Drinking was all about comfort.
Comfort from pain and stress. A release at the end of the day…
Or in the morning, or the afternoon, or at twilight, or in the evening, and, but of course, late night.
While I was constantly finding comfort in drink, I forgot what real comfort was: Sitting at home watching TV, snuggled up in bed with a book, talking on the phone with my mom for an hour, spending time caring for my amazing cat, or writing and playing music on my banjo and guitar.
All these little comforts were left behind and replaced with a false comfort. A distraction. An easy escape from life’s daily difficulties.
Now, as I work through my early sobriety, it feels like nothing is comfortable. All the little things that once made me happy, seem foreign and unusual without the buzz of alcohol. In fact, they are decidedly uncomfortable.
In addition to the standard comforts of home and life, there’s AA. Which is constantly encouraging me to take action, and, much of the time takes me out of my comfort zone, by design. I’ve heard it said before, but now, I’m finally learning that by getting outside of your comfort zone, you grow. You learn that the thing that you thought was going to be so terrible, so unpleasant, probably isn’t that bad at all.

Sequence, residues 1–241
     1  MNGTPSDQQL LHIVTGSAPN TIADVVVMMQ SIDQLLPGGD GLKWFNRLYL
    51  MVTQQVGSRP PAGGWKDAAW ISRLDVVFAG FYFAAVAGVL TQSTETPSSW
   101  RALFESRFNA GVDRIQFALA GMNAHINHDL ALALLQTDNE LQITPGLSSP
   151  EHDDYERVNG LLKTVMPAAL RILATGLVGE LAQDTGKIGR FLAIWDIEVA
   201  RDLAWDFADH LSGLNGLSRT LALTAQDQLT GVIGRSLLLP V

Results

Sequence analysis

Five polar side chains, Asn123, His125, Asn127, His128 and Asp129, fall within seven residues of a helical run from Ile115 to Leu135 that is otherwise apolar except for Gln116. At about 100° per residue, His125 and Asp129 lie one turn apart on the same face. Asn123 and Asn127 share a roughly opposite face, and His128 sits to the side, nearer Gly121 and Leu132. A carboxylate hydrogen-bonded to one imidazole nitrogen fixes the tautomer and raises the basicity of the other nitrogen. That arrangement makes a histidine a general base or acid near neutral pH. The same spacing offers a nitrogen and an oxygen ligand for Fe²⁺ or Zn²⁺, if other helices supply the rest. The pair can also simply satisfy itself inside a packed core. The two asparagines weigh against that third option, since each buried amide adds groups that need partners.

This weekend was a test in leaving the so-called “zone.”
My sponsor and her boyfriend brought me along to a meeting that is notoriously stress inducing. I’ve heard it from several folks in the program. Lots of rowdy young people. Everyone’s dressed to impress for the weekend. The smoker’s group outside looks like the smoker’s area outside a concert at Madison Square Garden. Shares are not from your seat, but standing at the front of the auditorium next to the chairperson’s desk, in front of everyone.
On the way there I was panicking, inwardly. Trying to hide it from my sponsor and her boyfriend as we drove. We arrived a few minutes late, and I could feel the eyes of the crowd follow us to our seats, which happened to be the only ones left, all the way in the front of the auditorium. But, once we were seated. Can you believe it: I was fine. A speaker shared. The chairperson called on others. The 7th tradition was observed, we prayed, chanted, and left.
It was hardly the stressful experience that I had built up in my head. And, perhaps if I’d been called on it would have been slightly panic worthy. But, even if I had, I would have been honest, brief, and I would have returned to my seat, right as rain.
The lesson here is, your comfort zone is only as big as you allow it to be. And, I have to try and remember, comforts can be paralyzing. If I allowed every little thing that caused me anxiety to hold me back, I’d never get anywhere. I’d still be stuck on a bar stool.
There has to be a time for letting yourself be scared and uncomfortable. That pit it your stomach, it’s just growing pains.
So, from now on, I’m expanding my comfort zone. And, even if I have to leave it from time to time, I know I can come back. And, if all goes well, then leaving it may just end up making it even bigger.
Now that’s comforting.